Thread: Solving For 'X' Using Trigonometry

1. Solving For 'X' Using Trigonometry

Hi there!
I am just wondering how you would solve for this?
Solve the equation sin(3x/2) = 1/2 for x E (-pi, pi)

Any help much appreciated,

2. Re: Solving For 'X' Using Trigonometry

For what values of $\theta$ do you have $\sin \theta = \dfrac{1}{2}$? You should know the table:

$\begin{matrix}\theta & \sin \theta \\ 0 & 0 \\ \dfrac{\pi}{6} & \dfrac{1}{2} \\ \dfrac{\pi}{4} & \dfrac{\sqrt{2}}{2} \\ \dfrac{\pi}{3} & \dfrac{\sqrt{3}}{2} \\ \dfrac{\pi}{2} & 1\end{matrix}$

Now, in the interval $x \in (-\pi,\pi)$, will you have any other possible values for $\theta$? How can you tell? Once you have all possible values for $\theta$, you have $\theta = \dfrac{3x}{2}$. Solve for $x$. (Hint: you should find three possible values for $\theta$ where $x \in (-\pi,\pi)$).

3. Re: Solving For 'X' Using Trigonometry

Hi there!
I am just wondering how you would solve for this?
Solve the equation sin(3x/2) = 1/2 for x E (-pie, pie)Any help much appreciated,
One eats pie. One calculates with the number pi That is $\pi$.

If $\sin(\theta)=\dfrac{1}{2}$ then $\theta=\dfrac{\pi}{6}\text{ or }\dfrac{5\pi}{6}$

4. Re: Solving For 'X' Using Trigonometry

Originally Posted by Plato
One eats pie. One calculates with the number pi That is $\pi$.

If $\sin(\theta)=\dfrac{1}{2}$ then $\theta=\dfrac{\pi}{6}\text{ or }\dfrac{5\pi}{6}$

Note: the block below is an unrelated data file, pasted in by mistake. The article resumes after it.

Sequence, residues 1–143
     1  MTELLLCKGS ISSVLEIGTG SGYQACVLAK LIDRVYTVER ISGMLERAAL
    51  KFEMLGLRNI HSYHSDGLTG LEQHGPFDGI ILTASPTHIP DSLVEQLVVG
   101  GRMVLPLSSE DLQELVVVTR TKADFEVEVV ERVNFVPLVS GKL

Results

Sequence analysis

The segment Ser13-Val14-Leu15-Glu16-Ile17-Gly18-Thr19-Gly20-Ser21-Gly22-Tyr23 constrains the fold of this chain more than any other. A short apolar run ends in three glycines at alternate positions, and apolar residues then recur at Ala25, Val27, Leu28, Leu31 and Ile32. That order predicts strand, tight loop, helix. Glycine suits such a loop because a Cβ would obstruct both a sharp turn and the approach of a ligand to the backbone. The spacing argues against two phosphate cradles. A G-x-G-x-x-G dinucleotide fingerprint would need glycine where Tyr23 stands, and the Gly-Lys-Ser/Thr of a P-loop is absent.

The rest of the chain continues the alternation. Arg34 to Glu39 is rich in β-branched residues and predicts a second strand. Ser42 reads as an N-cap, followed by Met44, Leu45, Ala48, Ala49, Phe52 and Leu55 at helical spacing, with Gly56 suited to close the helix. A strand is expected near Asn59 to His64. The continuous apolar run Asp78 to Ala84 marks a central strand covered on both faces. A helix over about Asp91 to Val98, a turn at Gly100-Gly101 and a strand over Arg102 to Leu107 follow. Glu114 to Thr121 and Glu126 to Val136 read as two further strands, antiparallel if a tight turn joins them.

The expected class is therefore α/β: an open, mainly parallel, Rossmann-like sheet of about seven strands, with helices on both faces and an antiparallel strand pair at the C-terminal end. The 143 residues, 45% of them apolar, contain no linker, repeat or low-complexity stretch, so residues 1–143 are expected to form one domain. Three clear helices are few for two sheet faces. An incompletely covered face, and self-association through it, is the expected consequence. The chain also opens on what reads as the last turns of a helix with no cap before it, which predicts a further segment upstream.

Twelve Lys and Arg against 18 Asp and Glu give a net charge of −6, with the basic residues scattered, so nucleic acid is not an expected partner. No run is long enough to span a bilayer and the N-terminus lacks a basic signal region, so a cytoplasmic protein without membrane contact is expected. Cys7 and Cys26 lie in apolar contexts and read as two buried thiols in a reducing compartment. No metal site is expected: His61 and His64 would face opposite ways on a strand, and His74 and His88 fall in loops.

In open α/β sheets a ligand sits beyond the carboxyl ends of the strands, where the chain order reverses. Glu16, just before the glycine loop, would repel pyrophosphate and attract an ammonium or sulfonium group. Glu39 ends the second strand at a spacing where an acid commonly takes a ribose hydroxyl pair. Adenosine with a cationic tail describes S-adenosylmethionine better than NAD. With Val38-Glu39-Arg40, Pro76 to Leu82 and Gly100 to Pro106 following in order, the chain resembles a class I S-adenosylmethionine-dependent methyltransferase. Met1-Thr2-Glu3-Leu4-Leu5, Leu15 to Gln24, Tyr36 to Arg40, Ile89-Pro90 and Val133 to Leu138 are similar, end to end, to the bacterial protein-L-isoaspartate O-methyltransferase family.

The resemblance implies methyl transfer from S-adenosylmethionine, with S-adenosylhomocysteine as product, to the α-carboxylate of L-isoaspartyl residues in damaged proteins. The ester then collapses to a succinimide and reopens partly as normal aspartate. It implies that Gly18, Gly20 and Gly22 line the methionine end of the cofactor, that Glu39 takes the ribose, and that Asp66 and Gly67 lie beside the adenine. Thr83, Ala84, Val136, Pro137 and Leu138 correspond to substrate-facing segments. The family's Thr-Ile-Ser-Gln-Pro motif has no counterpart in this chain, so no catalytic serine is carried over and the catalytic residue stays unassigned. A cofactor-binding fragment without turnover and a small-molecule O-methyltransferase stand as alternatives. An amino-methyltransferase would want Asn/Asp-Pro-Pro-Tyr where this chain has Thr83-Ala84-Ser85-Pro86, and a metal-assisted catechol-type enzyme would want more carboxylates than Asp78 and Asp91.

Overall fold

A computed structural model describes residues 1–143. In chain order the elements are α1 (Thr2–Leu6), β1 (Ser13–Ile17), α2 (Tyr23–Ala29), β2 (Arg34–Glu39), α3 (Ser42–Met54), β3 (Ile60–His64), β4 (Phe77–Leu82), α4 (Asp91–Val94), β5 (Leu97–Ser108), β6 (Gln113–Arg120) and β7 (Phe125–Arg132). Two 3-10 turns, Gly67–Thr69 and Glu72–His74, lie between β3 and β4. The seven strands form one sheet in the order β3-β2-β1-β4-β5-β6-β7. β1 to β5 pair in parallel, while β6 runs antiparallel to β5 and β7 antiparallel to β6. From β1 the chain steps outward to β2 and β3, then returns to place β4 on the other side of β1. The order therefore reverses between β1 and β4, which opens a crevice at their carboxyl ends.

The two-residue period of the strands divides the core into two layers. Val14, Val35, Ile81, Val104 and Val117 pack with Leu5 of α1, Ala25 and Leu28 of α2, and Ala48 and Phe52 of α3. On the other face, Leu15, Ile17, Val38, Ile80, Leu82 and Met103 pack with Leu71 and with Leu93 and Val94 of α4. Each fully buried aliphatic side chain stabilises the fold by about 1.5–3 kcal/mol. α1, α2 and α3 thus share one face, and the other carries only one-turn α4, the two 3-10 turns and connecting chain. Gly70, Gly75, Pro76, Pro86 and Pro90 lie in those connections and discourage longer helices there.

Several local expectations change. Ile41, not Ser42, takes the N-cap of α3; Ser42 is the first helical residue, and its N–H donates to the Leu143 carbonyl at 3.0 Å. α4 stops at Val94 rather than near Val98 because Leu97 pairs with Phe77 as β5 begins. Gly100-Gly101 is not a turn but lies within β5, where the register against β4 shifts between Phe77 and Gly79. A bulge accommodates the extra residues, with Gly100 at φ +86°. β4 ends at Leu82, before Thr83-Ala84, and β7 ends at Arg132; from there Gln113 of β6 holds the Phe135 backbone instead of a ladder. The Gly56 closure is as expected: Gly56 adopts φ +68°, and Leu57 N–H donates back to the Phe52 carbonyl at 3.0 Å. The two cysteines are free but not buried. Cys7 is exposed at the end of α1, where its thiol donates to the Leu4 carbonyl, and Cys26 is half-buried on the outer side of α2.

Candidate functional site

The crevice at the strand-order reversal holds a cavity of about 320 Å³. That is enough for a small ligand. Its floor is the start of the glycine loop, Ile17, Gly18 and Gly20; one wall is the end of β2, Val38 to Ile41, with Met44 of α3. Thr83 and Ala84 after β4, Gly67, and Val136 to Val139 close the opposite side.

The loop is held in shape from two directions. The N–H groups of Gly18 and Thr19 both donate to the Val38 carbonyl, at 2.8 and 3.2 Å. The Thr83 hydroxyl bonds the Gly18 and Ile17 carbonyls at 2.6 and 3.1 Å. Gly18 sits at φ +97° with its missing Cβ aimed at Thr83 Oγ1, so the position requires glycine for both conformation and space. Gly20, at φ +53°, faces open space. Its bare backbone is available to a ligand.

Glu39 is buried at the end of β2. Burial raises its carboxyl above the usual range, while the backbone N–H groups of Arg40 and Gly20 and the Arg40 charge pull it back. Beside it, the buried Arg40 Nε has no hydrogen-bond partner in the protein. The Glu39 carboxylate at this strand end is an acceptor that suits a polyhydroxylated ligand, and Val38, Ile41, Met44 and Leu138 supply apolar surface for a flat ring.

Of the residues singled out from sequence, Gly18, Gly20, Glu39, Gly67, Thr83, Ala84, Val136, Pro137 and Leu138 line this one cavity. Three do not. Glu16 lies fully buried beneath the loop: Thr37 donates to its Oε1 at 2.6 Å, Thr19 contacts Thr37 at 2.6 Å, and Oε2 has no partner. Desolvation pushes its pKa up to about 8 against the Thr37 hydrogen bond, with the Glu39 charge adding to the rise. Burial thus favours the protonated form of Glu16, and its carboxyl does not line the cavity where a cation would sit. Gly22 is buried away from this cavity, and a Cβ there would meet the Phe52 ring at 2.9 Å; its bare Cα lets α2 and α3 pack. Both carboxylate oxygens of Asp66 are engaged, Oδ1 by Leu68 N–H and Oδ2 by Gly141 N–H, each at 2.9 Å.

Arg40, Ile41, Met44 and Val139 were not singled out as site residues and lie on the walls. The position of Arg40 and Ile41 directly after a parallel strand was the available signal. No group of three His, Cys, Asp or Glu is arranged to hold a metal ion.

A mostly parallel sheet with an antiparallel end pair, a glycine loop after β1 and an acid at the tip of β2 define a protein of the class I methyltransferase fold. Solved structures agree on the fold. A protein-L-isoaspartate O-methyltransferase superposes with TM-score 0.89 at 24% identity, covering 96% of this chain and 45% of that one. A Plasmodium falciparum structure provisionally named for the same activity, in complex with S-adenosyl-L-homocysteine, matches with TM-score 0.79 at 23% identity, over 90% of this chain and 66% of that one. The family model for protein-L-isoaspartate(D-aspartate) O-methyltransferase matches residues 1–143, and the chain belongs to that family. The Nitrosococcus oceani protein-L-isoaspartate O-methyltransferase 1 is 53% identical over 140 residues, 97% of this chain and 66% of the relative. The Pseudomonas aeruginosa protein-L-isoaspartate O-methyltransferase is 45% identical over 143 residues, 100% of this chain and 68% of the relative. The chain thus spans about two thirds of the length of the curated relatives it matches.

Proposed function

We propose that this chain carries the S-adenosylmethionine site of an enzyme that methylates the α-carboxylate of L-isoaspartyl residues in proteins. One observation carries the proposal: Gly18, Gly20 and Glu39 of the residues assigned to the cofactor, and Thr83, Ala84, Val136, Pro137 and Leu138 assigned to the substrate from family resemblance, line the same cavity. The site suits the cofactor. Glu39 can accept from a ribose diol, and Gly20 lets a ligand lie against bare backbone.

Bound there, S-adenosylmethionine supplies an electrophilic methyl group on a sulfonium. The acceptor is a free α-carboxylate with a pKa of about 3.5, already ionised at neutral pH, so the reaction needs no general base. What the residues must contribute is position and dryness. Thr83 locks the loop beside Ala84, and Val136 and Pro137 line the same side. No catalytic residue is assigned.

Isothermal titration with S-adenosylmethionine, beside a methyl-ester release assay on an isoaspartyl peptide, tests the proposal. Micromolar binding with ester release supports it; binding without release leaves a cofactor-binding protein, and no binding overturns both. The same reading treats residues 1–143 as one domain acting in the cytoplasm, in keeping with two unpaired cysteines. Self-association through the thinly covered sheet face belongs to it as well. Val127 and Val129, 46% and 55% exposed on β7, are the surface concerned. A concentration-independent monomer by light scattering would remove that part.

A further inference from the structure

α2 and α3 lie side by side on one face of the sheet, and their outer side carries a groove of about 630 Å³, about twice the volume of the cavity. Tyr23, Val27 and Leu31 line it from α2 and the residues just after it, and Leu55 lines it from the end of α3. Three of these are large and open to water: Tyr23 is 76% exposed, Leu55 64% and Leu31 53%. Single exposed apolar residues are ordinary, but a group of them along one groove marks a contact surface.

Or, $\theta = \dfrac{5\pi}{6}-2\pi = -\dfrac{7\pi}{6}$

5. Re: Solving For 'X' Using Trigonometry

Originally Posted by SlipEternal
For what values of $\theta$ do you have $\sin \theta = \dfrac{1}{2}$? You should know the table:

$\begin{matrix}\theta & \sin \theta \\ 0 & 0 \\ \dfrac{\pi}{6} & \dfrac{1}{2} \\ \dfrac{\pi}{4} & \dfrac{\sqrt{2}}{2} \\ \dfrac{\pi}{3} & \dfrac{\sqrt{3}}{2} \\ \dfrac{\pi}{2} & 1\end{matrix}$

Now, in the interval $x \in (-\pi,\pi)$, will you have any other possible values for $\theta$? How can you tell? Once you have all possible values for $\theta$, you have $\theta = \dfrac{3x}{2}$. Solve for $x$. (Hint: you should find three possible values for $\theta$ where $x \in (-\pi,\pi)$).
Awesome thanks SlipEternal!

6. Re: Solving For 'X' Using Trigonometry

Originally Posted by Plato
One eats pie. One calculates with the number pi That is $\pi$.

If $\sin(\theta)=\dfrac{1}{2}$ then $\theta=\dfrac{\pi}{6}\text{ or }\dfrac{5\pi}{6}$

Haha! Thanks Plato! Just realised!
Whoops!!

7. Re: Solving For 'X' Using Trigonometry

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